Note: Percentages may not add up exactly to 100% due to rounding.

TABLE 4

FAVORITE COOKING SHOW

“Which cooking show is your favorite?”

Unprompted responses

Base: Adults who watch cooking shows


                                             2010
    30 Minute Meals (Rachael Ray)               1
    Paula's Home Cooking (Paula Deen)  =2
    Emeril Live (Emeril Lagasse)       =2
    Iron Chef                                   4
    Good Eats                                   5
    Diners, Drive-ins and Dives                 6
    Top Chef                                    7
    Barefoot Contessa (Ina Garten)              8
    Martha Stewart                              9
    --------------                            ---
    Everyday Italian (Giada de
     Laurentiis)                               10
    --------------------------                ---

Note: Percentages may not add up exactly to 100% due to rounding.

Methodology

This Harris Poll was conducted online within the United States between May 10 and 17, 2010 among 2,503 adults (aged 18 and over). Figures for age, sex, race/ethnicity, education, region and household income were weighted where necessary to bring them into line with their actual proportions in the population. Propensity score weighting was also used to adjust for respondents’ propensity to be online.

All sample surveys and polls, whether or not they use probability sampling, are subject to multiple sources of error which are most often not possible to quantify or estimate, including sampling error, coverage error, error associated with nonresponse, error associated with question wording and response options, and post-survey weighting and adjustments. Therefore, Harris Interactive avoids the words “margin of error” as they are misleading. All that can be calculated are different possible sampling errors with different probabilities for pure, unweighted, random samples with 100% response rates. These are only theoretical because no published polls come close to this ideal.

Respondents for this survey were selected from among those who have agreed to participate in Harris Interactive surveys. The data have been weighted to reflect the composition of the adult population. Because the sample is based on those who agreed to participate in the Harris Interactive panel, no estimates of theoretical sampling error can be calculated.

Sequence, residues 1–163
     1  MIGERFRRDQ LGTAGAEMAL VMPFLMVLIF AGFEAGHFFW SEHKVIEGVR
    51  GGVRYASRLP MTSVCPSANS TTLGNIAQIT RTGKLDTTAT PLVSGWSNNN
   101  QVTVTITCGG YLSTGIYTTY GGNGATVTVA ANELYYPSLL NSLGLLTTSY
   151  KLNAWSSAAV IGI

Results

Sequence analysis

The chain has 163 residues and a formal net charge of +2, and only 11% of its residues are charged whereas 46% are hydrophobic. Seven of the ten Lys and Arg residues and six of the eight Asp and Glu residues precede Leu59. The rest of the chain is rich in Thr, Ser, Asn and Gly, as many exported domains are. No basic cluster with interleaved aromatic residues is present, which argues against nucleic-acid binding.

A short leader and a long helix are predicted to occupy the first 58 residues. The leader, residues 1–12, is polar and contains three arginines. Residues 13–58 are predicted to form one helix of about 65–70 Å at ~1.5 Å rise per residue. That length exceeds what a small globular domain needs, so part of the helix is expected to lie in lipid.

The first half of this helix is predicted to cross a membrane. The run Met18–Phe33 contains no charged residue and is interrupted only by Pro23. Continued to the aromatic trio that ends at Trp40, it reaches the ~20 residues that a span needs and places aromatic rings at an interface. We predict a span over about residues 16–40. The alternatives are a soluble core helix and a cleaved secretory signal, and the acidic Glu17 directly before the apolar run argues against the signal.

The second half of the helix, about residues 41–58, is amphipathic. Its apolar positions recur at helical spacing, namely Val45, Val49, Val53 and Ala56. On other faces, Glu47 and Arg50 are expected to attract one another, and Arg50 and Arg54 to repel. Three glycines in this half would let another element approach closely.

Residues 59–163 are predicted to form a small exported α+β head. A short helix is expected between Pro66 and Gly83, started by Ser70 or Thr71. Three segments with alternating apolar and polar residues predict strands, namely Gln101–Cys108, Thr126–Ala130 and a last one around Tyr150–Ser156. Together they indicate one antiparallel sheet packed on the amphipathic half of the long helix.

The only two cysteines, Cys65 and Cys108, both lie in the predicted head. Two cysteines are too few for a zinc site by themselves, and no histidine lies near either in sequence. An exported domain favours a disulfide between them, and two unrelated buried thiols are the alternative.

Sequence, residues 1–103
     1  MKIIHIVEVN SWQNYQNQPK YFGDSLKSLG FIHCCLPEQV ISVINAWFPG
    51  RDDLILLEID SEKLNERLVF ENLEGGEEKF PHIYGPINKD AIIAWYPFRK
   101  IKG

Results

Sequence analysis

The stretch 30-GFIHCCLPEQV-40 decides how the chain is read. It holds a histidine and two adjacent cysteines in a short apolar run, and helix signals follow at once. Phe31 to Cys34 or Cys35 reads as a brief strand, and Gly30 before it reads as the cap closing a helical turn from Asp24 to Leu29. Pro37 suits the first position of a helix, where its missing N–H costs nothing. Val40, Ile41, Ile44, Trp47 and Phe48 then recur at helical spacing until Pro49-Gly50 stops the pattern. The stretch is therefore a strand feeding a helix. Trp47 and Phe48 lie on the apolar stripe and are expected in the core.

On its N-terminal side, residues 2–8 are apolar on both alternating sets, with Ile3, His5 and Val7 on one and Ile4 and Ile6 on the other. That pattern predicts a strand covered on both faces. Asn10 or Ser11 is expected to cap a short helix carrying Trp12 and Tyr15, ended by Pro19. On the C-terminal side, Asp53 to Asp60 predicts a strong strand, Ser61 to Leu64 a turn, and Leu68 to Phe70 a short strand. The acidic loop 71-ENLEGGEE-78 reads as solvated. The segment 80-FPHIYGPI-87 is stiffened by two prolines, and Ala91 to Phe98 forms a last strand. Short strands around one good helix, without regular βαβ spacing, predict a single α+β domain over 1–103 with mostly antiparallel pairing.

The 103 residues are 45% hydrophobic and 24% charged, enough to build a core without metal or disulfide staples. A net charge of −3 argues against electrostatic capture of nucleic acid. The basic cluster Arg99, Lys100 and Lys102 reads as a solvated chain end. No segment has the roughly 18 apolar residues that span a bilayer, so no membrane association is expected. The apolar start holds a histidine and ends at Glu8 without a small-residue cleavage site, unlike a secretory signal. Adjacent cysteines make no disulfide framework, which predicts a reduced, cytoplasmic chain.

These statements conform to the principles of disclosure of the National Council on Public Polls.

The results of this Harris Poll may not be used in advertising, marketing or promotion without the prior written permission of Harris Interactive.

The Harris Poll® #94, July 29, 2010

By Regina Corso, Director, The Harris Poll, Harris Interactive

About Harris Interactive

Harris Interactive is one of the world’s leading custom market research firms, leveraging research, technology, and business acumen to transform relevant insight into actionable foresight. Known widely for the Harris Poll and for pioneering innovative research methodologies, Harris offers expertise in a wide range of industries including healthcare, technology, public affairs, energy, telecommunications, financial services, insurance, media, retail, restaurant, and consumer package goods. Serving clients in over 215 countries and territories through our North American, European, and Asian offices and a network of independent market research firms, Harris specializes in delivering research solutions that help us – and our clients – stay ahead of what’s next. For more information, please visit www.harrisinteractive.com.


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SOURCE Harris Interactive


Source: newswire